Seasonal Workers in Mediterranean Agriculture: The Social Costs of Eating Fresh
This book is the first to address global agro-migration complexes across the Mediterranean regions of south and west Europe.
Over the last three decades there has been a rapid expansion of intensive production of fresh fruit and vegetables in the Mediterranean regions of south and west Europe. Much of this depends on migrating workers for seasonal labour, including from Eastern Europe, North Africa and Latin America. This book is the first to address global agro-migration complexes across the region.
It is argued that both intensive agricultural production and related working conditions are highly dynamic. Regional patterns have developed from small-scale family farming to become an industrialized part of the global agri-food system, which increasingly depends on seasonal labour. Simultaneously, consumer demand for year-round supply has caused relocations of the industry within Europe; areas of intensive greenhouse production have moved further south and even into North Africa. The authors investigate this Mediterranean agri-food system that transcends borders and is largely constituted by invisible seasonal work. By revealing the story of food commodities loaded with implications of private profit seeking, exploitation, exclusion and multiple insecurities, the book unmasks the hidden costs of fresh food provisioning.
Three case study areas are considered in detail: the French region of Provence, a traditional centre of fresh fruit and vegetable cultivation; the Spanish Almería region where intensive production has, accelerated dramatically since the 1970s; and Morocco where counter-seasonal production has recently been expanding. The book also includes commentaries that refer to complementary insights on US-Mexico, Philippines-Canada and South Pacific mobilities.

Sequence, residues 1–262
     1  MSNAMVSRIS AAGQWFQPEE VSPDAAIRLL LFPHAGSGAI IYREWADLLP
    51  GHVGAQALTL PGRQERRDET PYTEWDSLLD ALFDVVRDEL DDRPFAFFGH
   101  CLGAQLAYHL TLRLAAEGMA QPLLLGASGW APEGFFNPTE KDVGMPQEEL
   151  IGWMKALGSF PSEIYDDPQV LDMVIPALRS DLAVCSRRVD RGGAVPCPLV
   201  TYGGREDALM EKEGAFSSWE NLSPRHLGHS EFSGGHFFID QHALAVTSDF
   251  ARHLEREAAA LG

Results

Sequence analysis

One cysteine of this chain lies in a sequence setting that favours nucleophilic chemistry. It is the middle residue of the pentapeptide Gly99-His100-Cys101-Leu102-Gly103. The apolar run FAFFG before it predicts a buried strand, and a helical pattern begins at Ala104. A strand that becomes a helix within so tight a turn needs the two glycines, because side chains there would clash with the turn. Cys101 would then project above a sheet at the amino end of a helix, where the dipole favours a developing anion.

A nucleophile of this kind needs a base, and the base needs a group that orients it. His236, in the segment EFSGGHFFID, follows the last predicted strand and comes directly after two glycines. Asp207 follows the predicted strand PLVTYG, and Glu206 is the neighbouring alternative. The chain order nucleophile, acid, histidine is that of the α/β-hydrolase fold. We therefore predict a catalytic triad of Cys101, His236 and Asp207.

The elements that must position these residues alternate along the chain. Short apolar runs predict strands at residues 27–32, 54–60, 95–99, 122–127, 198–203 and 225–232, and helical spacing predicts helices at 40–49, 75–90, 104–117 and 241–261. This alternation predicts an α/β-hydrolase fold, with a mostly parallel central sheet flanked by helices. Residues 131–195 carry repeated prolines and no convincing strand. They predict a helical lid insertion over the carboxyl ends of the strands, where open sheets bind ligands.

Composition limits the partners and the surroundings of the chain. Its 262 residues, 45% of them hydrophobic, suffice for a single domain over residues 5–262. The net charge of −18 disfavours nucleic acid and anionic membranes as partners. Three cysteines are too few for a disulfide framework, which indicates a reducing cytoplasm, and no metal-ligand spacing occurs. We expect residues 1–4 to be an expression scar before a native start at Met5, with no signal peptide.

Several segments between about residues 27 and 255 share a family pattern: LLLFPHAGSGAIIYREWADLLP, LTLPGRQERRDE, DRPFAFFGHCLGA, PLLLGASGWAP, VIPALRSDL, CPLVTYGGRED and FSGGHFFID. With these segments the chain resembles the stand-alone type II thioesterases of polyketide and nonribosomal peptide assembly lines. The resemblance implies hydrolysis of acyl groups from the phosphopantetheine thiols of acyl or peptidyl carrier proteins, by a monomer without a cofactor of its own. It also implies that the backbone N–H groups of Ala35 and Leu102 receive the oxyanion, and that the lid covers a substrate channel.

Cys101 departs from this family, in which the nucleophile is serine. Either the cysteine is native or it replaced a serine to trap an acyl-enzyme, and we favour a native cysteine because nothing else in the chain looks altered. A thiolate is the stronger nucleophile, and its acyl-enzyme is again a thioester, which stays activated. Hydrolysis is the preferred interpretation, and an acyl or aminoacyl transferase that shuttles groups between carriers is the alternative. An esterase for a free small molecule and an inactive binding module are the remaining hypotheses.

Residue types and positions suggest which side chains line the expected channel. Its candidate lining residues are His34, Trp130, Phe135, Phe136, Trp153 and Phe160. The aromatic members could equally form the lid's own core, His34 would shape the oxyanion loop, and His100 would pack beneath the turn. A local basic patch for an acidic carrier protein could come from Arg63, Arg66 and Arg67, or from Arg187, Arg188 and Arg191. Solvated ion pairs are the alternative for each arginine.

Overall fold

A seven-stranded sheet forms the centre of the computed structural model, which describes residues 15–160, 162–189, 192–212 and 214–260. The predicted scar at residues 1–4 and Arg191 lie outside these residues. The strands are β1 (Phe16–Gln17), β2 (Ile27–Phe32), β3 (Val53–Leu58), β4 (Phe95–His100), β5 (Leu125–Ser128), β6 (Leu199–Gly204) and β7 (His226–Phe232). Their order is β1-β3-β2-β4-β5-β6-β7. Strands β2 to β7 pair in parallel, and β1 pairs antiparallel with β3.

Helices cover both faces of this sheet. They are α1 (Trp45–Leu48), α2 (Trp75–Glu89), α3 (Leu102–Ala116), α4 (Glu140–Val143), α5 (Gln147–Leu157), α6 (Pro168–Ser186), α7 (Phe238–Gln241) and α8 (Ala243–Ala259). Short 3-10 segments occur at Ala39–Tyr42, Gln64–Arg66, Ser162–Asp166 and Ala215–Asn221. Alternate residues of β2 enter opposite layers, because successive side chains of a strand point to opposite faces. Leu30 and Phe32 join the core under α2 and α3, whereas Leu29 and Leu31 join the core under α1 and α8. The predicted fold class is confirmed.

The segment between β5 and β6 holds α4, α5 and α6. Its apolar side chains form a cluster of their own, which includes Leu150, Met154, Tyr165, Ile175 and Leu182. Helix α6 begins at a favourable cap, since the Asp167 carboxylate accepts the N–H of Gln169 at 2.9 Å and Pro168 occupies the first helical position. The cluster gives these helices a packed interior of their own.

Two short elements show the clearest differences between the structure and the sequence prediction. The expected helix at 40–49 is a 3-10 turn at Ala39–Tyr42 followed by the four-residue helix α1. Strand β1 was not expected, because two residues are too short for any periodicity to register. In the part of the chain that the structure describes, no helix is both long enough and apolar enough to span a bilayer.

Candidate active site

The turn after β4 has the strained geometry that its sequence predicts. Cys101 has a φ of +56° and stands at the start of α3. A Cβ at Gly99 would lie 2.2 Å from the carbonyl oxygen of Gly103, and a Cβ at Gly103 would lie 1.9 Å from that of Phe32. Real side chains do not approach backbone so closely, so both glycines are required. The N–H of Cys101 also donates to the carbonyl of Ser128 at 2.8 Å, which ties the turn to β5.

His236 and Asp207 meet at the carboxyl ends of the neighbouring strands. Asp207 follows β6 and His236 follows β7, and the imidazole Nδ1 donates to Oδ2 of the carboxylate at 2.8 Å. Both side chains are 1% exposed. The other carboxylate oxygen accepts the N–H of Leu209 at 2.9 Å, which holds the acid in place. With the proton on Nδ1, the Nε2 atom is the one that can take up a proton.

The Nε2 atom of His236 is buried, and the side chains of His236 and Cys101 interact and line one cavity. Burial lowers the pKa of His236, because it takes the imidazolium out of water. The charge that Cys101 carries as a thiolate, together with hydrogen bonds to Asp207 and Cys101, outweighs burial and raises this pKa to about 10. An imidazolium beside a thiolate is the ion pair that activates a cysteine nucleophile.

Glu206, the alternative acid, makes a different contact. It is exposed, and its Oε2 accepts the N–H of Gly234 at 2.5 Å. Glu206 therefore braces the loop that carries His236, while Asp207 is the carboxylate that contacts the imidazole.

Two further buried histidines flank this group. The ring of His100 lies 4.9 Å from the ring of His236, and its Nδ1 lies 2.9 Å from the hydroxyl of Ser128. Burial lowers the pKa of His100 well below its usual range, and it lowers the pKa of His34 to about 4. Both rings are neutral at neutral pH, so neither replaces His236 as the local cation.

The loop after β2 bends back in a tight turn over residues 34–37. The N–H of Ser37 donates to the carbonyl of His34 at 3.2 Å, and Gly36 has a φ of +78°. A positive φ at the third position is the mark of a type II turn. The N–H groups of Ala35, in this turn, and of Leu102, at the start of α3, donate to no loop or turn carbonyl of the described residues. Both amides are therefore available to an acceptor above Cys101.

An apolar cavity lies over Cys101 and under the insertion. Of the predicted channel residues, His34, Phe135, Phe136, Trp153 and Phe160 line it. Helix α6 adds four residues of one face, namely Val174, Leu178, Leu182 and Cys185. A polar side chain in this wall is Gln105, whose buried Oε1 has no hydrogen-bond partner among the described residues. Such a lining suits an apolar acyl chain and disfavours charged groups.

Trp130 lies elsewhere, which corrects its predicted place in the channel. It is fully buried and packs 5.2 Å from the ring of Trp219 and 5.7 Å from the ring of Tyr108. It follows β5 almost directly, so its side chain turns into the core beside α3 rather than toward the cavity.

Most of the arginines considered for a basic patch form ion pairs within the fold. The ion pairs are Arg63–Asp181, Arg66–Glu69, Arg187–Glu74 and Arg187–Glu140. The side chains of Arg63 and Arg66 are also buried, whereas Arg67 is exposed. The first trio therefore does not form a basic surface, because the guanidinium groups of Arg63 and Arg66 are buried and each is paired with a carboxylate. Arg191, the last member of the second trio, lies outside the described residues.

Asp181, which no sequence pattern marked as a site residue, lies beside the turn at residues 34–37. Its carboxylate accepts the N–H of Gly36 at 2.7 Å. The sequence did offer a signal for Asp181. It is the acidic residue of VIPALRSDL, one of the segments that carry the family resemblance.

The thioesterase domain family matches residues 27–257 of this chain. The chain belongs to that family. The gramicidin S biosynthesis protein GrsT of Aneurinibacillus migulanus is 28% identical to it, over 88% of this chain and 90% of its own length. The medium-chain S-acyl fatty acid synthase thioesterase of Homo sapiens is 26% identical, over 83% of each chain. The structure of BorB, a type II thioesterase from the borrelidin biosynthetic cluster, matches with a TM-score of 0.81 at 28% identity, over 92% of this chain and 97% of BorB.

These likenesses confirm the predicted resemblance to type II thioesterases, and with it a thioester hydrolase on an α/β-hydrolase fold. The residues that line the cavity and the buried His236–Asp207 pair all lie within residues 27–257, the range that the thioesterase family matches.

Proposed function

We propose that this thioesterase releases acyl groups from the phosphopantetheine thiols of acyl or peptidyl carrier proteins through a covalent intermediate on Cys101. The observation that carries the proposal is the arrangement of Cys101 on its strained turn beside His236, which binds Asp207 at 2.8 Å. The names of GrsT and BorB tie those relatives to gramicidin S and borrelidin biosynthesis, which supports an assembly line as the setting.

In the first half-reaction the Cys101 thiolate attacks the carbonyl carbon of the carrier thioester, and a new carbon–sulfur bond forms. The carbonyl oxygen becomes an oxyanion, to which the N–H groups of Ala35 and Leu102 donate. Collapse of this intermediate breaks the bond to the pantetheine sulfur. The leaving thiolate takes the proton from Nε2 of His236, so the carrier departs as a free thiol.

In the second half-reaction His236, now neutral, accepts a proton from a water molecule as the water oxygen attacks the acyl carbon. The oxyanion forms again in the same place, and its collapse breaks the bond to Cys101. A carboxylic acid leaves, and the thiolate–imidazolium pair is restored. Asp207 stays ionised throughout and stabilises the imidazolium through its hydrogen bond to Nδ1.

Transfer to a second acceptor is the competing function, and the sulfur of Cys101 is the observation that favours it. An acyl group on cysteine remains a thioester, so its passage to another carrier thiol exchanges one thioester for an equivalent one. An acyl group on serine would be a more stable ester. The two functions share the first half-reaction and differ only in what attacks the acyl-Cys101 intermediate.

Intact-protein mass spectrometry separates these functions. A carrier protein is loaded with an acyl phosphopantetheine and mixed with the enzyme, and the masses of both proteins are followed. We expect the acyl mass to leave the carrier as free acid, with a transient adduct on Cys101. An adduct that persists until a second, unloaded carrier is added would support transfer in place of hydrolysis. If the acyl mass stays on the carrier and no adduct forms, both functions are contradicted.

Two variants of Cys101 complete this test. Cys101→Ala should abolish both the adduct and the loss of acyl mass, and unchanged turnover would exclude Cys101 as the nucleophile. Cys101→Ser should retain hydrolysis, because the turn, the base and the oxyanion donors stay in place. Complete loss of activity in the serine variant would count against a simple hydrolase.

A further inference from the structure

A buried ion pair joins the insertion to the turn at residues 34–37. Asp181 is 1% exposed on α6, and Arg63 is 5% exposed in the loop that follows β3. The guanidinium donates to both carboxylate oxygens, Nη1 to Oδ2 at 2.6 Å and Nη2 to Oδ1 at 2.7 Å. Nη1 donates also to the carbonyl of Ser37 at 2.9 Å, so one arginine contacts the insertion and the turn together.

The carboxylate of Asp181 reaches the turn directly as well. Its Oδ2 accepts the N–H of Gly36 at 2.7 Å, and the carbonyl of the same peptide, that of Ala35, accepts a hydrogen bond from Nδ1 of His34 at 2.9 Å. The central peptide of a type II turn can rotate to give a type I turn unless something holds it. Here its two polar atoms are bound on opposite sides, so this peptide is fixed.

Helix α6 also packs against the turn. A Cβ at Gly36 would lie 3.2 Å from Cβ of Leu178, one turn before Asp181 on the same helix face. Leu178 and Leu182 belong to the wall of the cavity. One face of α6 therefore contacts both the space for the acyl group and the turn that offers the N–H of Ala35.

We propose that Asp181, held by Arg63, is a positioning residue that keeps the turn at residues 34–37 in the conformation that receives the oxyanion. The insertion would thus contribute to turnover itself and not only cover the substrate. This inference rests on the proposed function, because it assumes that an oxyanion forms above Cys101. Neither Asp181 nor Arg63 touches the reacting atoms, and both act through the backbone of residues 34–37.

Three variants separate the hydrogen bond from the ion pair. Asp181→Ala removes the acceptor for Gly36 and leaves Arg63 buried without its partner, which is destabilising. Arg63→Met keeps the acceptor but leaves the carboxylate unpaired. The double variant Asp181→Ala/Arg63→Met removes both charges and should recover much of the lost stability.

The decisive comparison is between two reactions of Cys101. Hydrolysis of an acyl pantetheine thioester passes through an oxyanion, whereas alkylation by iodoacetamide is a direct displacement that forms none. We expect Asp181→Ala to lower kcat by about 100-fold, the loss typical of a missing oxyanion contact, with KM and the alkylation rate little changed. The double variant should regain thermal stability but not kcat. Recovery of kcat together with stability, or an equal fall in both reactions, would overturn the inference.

Gertel, J. and Sippel, S.R. (eds) (2014) . Seasonal Workers in Mediterranean Agriculture: The Social Costs of Eating Fresh. Routledge, London and New York.
For further details see here.
Europe is the world's second-smallest continent by surface area, covering just over 10 million square kilometres or 6.8% of the global land area, but it is the third-most populous continent after Asia and Africa, with a population of around 740 million people or about 11% of the world's population. Its climate is heavily affected by warm Atlantic currents that temper winters and summers on much of the continent. In the European Union, farmers represent only 4.7% of the working population, yet manage nearly half of its land area.
More like this
- It’s a jungle out there – the strange animals of economic organisation in agri-food value chains
- Agri-environmental governance as an assemblage: Multiplicity, power, and transformation
- Book: Resistance to the neoliberal agri-food regime. A critical analysis
- Food Security, Nutrition and Sustainability
- Corporate consolidation of the seed sector